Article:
Creutzfeldt-Jakob Disease and Other Prion Diseases

Author(s):
Beth Ann Kavanagh, MT(ASCP), MS, MBA, CIC Director, Infection Control and Prevention

University Health System
San Antonio, TX

Published:
October 3, 2014

Abstract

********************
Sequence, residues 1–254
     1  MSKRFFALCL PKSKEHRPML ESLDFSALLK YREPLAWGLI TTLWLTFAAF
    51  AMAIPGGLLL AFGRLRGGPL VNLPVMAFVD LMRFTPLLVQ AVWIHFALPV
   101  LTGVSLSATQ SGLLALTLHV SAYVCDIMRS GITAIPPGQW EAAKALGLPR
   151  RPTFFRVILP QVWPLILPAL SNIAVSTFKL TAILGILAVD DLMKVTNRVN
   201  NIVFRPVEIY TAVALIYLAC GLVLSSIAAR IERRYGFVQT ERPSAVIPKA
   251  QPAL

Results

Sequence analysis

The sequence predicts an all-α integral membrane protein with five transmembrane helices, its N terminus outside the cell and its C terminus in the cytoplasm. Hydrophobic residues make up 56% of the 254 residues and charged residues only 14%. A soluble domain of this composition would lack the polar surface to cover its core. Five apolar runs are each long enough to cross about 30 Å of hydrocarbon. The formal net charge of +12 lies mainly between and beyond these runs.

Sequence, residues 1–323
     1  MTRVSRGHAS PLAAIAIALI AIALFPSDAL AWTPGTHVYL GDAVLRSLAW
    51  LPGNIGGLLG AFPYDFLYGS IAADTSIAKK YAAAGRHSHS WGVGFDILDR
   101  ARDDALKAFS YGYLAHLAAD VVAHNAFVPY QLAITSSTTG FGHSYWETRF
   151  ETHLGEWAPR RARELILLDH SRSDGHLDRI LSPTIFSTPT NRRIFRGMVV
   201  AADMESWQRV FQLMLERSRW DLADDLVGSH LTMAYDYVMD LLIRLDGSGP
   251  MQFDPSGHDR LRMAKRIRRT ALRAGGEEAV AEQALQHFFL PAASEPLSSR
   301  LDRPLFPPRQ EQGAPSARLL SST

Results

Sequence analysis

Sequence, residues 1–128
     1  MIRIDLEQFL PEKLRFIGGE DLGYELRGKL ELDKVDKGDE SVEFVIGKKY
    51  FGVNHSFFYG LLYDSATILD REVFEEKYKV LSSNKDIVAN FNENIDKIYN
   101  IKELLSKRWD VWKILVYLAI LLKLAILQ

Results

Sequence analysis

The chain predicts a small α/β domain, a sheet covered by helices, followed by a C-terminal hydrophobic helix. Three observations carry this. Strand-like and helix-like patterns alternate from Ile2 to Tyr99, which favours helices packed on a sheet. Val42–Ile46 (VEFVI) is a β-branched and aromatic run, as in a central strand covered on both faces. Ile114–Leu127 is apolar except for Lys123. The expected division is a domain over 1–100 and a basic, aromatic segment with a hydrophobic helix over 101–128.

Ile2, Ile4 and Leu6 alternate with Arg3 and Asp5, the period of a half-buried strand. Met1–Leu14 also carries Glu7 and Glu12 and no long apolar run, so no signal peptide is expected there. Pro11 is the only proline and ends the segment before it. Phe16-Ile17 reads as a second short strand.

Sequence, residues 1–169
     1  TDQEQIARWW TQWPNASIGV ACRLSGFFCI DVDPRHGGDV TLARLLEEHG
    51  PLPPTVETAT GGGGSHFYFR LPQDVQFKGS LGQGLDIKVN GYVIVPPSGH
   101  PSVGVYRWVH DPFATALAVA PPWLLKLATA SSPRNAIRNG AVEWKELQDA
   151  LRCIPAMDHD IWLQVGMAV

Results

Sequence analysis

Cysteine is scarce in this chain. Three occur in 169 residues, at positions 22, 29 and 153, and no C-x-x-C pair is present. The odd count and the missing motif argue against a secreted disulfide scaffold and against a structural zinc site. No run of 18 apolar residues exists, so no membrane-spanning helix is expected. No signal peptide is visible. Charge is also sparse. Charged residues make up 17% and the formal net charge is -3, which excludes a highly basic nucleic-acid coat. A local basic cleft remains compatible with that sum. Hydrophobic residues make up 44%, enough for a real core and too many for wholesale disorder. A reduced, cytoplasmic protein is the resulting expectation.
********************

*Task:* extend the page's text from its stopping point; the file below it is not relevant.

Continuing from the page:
Creutzfeldt-Jakob disease is one of several neurologically degenerative diseases caused by a group of protein particles that are infectious by nature of their ability to replicate in the central nervous system and interrupt crucial neuron functioning. Creutzfeldt-Jakob disease and other prion diseases were originally called slow virus diseases because of their prolonged incubation period and initial designation as a viral condition. In the 1980s, it was proposed that the etiology of these neurodegenerative diseases was not viral in nature but due to an "infectious" protein particle that was transmissible through infected tissue and could be distinguished from any other infectious agent by a crucial lack of nucleic acid material. Creutzfeldt-Jakob disease and other prion diseases with demonstrated transmissibility remain a concern for the healthcare community because of their inherent resistance to traditional disinfection/sterilization methods and devastating clinical outcomes. Prevention measures in hospitals include Standard Precautions for general patient care and adherence to extensive chemical or increased temperature sterilization in the confines of the operating room. Prion diseases represent the frontier for infectious disease research.